2. I find Gratitude a wonderful friend when I become world weary and overwhelmed, I also think of ‘its a wonderful life’ a bit cliché but I know I my life has touched the lives of others and that keeps me going, and your life touches so many more and that can only be positive, genuinely positive I’m sure your wife would back me up and many more that even during the hard times, it has a positive, because it allows people to show you how much they truly love you.

  3. David says:

    Thought provoling post thanks. Although you don’t like the term, there is some evidence that pessimists are more successful in business because they plan more effectively, as they identify risks better and havebetter thought out strategies in place to prevent these coming to fruition. Some people equate pessimism with negativity, unfortunately. They are not the same thing.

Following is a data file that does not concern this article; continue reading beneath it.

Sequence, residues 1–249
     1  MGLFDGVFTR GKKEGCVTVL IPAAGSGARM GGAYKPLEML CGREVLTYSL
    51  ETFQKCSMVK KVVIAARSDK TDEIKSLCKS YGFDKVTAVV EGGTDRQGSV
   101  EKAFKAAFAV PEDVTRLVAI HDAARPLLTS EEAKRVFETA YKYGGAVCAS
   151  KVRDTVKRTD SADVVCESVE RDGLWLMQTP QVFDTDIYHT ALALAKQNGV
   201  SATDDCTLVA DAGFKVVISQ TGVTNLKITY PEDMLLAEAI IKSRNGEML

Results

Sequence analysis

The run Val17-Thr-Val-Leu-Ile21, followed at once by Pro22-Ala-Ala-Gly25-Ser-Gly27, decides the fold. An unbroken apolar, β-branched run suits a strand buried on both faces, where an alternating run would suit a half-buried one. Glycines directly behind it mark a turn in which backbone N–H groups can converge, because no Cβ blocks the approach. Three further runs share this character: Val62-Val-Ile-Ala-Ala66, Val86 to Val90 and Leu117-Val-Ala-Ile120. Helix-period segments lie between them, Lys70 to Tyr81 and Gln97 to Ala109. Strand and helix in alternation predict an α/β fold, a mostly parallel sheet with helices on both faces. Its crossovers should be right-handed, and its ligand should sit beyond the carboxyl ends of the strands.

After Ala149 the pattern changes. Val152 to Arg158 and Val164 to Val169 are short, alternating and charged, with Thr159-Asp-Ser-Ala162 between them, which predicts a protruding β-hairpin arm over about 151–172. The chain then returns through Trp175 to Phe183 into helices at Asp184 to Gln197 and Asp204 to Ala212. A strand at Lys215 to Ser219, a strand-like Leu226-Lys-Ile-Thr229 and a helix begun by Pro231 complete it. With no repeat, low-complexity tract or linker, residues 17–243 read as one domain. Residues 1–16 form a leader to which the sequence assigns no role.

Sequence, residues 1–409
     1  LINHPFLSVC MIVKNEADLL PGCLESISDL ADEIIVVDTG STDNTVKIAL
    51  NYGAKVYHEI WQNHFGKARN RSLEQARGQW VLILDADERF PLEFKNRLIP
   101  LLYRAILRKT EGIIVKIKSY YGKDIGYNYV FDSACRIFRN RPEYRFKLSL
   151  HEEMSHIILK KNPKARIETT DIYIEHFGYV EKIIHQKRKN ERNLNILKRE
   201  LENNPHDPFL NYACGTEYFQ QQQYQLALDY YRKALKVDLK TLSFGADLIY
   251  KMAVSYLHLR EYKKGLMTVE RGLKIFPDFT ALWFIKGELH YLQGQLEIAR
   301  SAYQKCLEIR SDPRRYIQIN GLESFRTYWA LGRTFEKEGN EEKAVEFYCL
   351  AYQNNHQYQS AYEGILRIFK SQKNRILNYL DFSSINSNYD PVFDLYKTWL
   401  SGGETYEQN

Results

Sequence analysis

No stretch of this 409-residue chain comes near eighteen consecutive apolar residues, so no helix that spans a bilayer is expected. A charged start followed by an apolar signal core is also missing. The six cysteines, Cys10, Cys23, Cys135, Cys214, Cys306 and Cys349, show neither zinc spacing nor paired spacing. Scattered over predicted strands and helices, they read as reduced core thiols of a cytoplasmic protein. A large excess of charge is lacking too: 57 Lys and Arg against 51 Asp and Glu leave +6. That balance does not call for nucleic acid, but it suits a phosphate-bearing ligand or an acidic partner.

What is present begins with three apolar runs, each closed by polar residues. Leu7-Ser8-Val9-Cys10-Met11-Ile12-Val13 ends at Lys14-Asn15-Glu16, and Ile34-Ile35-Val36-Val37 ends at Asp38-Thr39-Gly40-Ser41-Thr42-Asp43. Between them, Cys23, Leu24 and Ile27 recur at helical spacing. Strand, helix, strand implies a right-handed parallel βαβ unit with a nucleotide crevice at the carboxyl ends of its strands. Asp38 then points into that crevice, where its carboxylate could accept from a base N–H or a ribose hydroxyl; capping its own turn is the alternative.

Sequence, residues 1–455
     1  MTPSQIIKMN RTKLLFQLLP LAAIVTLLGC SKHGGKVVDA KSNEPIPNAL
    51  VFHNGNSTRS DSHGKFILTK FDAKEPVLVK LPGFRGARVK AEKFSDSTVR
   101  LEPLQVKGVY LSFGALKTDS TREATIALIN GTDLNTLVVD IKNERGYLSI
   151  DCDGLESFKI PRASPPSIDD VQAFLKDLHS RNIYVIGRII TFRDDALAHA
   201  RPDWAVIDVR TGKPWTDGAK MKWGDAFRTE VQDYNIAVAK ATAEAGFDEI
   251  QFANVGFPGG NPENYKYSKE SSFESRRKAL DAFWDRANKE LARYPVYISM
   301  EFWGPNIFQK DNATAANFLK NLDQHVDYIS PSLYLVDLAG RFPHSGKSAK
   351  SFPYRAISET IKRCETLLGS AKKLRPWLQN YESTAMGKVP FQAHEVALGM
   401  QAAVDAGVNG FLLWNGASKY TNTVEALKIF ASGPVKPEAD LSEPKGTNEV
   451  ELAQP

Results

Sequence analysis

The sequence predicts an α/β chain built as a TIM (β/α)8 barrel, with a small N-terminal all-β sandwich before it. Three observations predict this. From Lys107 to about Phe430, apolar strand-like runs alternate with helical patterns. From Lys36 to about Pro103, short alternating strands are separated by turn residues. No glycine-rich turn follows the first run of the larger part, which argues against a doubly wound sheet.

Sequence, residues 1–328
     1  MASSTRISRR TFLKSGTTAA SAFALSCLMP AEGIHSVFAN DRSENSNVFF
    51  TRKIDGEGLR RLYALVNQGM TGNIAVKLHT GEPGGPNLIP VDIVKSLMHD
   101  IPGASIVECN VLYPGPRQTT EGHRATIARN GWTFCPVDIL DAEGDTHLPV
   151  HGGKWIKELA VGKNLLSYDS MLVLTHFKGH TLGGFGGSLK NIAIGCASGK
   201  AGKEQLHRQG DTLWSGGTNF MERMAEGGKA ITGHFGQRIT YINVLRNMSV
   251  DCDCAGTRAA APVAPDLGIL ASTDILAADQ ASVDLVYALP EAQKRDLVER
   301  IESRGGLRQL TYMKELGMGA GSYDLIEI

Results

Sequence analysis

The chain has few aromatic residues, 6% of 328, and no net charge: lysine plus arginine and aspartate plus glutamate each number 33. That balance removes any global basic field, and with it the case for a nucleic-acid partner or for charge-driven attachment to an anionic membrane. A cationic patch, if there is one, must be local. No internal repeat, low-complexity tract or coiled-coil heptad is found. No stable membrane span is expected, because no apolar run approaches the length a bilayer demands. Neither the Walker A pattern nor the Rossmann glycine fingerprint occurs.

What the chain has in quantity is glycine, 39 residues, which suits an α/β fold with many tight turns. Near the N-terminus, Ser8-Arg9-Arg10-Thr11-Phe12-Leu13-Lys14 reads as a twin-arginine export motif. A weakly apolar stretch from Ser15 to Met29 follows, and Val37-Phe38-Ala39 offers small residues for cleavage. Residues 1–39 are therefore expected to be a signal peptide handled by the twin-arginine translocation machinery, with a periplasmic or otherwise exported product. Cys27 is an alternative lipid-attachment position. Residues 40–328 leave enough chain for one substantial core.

4. […] Why positive thinking needs a makeover → […]

  5. […] instead of the worst-case scenario (even more difficult, if that’s not your brain’s default setting). A friend recently showed me this lovely little poem by Erin […]

  6. puretrumpet says:

    Negative thinking is a difficult pattern to break but it causes more damage to a person both physically and mentally than positive thinking. Don’t associate positive thinking with ‘in your face’ gurus but normal, everyday people who just see the good in things. My partner has taught me this. He’s probably too optimistic and wings it too much!
    But he hardly ever gets in a cycle of negative thinking unlike myself. I have to have a word with myself and practicing gratitude helps a lot.
    I know one thing for sure, I feel so much better when I think positively and more energised than I do if I let those negative thoughts take hold.
    There’s no quick fix. I have to work hard at it. But taking myself off to bed feeling like I’m the worlds biggest failure is no longer an option.

  7. […] quite often find ‘positive thinking’ a bit grating but one thing I’ve done consistently since I had counselling is to keep a daily […]

  8. Fellbound says:

    I relate to this so much. Thanks Paul.